2014 MLB Draft: Round 2 wrap – Blue Jays, Brewers take aim at falling stars

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There weren’t any huge stunners left on the board after the first round of Thursday night’s draft, though Baseball America’s 19th, 20th and 21st ranked players remained up for grabs, largely because of bonus demands. Those three players ended up going 49th, 50th and 41st, respectively.

The latter two there actually went to the same team, the Milwaukee Brewers, who also went with a high-risk, high-reward guy in round one: Hawaiian high school left-hander Kodi Medeiros. With their competitive balance pick after round one, the 41st overall selection, they grabbed high school shortstop Jacob Gatewood,  a 6’5″ shortstop with terrific power potential. His size suggests a move to third may eventually be necessary, especially if he fills out and becomes the 30-homer guy scouts are projecting.

Gatewood was the No. 21 player on the BA board. No. 20 was center fielder Monte Harrison, who was taken by the Brewers 50th overall. Considered one of the very best athletes in the draft, he has the option of going to Nebraska to play wide receiver. It’d seem to be an even more likely route now that he slipped in the draft. However, if the Brewers can land both he and Gatewood, they’ll look like the big winners of day one here. Even if they sign just one of the two, they will still have done pretty well for themselves.

No. 19 on Baseball America’s list was right-hander Sean Reid-Foley, and the Blue Jays made him the 49th overall pick. He’ll be a tough sign, but the Blue Jays are in position to accommodate him since they should be able to land ninth overall pick Jeff Hoffman for a reduced bonus after he underwent Tommy John surgery. They also might be able to skim a little bit off 11th overall pick Max Pentecost’s bonus. If it works out, they’ll have come away with three of draft’s top 25 talents.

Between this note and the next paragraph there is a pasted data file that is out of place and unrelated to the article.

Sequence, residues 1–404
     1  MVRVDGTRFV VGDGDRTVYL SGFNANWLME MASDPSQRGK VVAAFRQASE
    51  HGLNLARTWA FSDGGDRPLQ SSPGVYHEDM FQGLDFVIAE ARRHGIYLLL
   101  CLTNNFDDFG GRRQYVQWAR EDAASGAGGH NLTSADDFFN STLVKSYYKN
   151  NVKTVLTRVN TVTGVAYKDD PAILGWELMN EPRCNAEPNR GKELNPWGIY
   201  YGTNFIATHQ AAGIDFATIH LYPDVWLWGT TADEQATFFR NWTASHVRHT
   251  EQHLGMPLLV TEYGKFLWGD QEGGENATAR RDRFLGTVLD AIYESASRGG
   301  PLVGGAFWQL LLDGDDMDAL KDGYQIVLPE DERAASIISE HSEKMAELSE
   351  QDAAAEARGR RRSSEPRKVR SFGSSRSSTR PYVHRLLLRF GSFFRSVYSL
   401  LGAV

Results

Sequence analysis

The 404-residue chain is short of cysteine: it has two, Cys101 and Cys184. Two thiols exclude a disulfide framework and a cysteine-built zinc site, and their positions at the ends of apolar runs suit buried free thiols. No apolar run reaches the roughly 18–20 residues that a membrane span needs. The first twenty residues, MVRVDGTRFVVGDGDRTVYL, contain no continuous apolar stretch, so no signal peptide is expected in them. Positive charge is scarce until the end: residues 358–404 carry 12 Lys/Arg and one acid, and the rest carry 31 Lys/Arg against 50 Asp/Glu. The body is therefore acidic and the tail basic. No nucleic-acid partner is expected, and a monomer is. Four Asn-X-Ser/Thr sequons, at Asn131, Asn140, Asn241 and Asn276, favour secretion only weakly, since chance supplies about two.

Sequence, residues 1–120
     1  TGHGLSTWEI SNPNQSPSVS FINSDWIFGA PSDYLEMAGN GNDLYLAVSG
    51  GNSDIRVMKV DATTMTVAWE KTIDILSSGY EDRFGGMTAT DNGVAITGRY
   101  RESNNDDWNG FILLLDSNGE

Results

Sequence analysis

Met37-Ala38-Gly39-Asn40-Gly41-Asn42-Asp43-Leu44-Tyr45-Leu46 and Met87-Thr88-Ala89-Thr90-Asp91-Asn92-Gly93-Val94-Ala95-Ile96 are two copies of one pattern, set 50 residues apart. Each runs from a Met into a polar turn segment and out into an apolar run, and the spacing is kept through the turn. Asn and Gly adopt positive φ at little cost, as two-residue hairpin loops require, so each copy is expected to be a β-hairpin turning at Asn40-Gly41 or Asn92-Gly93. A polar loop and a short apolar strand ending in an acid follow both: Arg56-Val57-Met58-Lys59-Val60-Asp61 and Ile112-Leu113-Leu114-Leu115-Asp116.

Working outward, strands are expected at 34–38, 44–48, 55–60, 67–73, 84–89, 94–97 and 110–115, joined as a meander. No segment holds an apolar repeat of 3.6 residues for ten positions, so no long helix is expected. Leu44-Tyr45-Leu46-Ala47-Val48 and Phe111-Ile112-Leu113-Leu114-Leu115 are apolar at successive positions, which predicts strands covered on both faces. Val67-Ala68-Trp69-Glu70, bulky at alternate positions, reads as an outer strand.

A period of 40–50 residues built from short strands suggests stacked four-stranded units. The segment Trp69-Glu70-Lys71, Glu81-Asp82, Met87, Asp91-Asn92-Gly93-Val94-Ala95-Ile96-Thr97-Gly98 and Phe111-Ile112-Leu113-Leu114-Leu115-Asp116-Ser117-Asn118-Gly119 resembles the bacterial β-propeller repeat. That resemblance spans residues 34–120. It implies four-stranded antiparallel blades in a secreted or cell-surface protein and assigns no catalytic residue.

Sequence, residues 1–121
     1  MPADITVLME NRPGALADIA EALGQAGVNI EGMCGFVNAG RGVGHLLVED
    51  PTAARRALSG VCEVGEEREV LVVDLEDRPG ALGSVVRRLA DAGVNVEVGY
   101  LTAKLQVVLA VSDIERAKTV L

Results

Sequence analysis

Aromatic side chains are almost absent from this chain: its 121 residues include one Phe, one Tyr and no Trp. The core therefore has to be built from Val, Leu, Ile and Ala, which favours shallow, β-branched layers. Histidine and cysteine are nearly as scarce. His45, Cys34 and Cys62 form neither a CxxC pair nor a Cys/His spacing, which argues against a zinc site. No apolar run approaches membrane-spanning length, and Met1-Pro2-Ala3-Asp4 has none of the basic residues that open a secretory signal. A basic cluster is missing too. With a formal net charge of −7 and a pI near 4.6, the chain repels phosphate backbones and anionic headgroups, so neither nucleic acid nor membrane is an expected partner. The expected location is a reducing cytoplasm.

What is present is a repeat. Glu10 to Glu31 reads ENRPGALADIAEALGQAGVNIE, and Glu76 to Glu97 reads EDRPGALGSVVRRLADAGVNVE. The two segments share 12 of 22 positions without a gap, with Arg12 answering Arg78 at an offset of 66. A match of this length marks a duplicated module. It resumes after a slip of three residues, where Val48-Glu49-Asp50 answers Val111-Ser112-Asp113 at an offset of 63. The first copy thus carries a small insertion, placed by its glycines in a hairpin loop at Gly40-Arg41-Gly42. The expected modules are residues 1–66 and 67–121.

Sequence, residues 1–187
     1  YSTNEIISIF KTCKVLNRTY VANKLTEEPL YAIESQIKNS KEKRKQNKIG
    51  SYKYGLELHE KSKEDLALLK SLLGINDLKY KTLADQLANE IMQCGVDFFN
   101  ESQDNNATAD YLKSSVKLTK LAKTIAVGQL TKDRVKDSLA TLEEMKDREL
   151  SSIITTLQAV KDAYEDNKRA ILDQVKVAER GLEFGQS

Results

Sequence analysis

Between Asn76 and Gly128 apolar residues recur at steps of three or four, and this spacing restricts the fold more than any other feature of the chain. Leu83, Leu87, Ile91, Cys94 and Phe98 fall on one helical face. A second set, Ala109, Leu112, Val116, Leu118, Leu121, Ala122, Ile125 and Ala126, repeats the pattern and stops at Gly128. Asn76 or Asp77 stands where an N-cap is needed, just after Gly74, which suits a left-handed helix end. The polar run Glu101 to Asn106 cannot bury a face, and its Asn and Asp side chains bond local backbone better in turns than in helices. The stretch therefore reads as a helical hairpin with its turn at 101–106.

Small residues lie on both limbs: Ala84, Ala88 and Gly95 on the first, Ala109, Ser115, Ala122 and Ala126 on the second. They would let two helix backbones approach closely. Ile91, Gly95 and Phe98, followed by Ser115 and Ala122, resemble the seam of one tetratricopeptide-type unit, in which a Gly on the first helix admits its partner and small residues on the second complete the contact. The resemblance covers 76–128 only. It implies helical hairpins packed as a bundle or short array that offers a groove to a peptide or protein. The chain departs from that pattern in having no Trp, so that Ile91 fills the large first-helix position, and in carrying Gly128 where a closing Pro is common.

– The Astros opened Round 2 by taking the University of Kentucky’s A.J. Reed, who hit .336/.476/.735 with 23 homers and 73 RBI as a first baseman this year and went 12-2 with a 2.09 ERA as the team’s ace starter. Unfortunately, while no one thinks he projects as a star as a hitter or a pitcher, he’s also too talented to go the Brooks Kieschnick route and try to make the majors as both. The Astros will groom him as a first baseman.

– The Twins and Yankees took the draft’s first pure relievers, with the Twins grabbing Louisville’s Nick Burdi at No. 46 and the Yankees going with Mississippi State left-hander Jacob Lindgren at No. 55, their first pick of the draft. First-round pick Nick Howard of the Reds (No. 19 overall) was also a closer this year, but he figures to be given an opportunity to start. Perhaps Lindgren will, too, but he’s also a candidate to be the first 2014 pick to reach the majors if the Yankees keep him in the pen. Burdi is a flamethrowing closer-type.

– The Dodgers took Alex Verdugo as an outfielder with the 62nd overall pick, even though most viewed him as a pitcher. He probably would have gone higher, except he much prefers hitting. Dodgers assistant GM Logan White already made it clear that while Verdugo will be used as an outfielder initially, a move to the mound will come if he doesn’t hit.